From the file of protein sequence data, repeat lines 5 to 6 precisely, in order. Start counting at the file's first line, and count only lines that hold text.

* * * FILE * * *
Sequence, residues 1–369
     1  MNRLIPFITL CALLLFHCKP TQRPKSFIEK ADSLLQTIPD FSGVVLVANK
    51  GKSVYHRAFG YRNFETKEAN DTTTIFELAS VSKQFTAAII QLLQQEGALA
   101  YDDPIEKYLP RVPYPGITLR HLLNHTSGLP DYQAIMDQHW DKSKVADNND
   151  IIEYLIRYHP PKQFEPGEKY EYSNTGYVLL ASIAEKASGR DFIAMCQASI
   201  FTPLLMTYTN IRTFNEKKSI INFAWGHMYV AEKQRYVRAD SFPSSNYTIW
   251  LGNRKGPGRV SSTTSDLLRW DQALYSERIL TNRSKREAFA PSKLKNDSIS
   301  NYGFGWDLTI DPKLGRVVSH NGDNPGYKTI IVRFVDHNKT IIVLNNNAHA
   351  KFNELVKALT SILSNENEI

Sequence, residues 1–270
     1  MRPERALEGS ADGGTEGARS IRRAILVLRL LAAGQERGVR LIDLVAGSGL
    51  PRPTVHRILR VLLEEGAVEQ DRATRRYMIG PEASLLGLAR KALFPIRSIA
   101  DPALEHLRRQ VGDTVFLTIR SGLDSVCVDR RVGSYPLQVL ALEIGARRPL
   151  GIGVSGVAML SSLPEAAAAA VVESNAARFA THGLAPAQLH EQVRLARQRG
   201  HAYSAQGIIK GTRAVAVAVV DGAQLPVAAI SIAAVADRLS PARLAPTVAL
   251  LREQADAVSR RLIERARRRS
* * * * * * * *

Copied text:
   151  IIEYLIRYHP PKQFEPGEKY EYSNTGYVLL ASIAEKASGR DFIAMCQASI
   201  FTPLLMTYTN IRTFNEKKSI INFAWGHMYV AEKQRYVRAD SFPSSNYTIW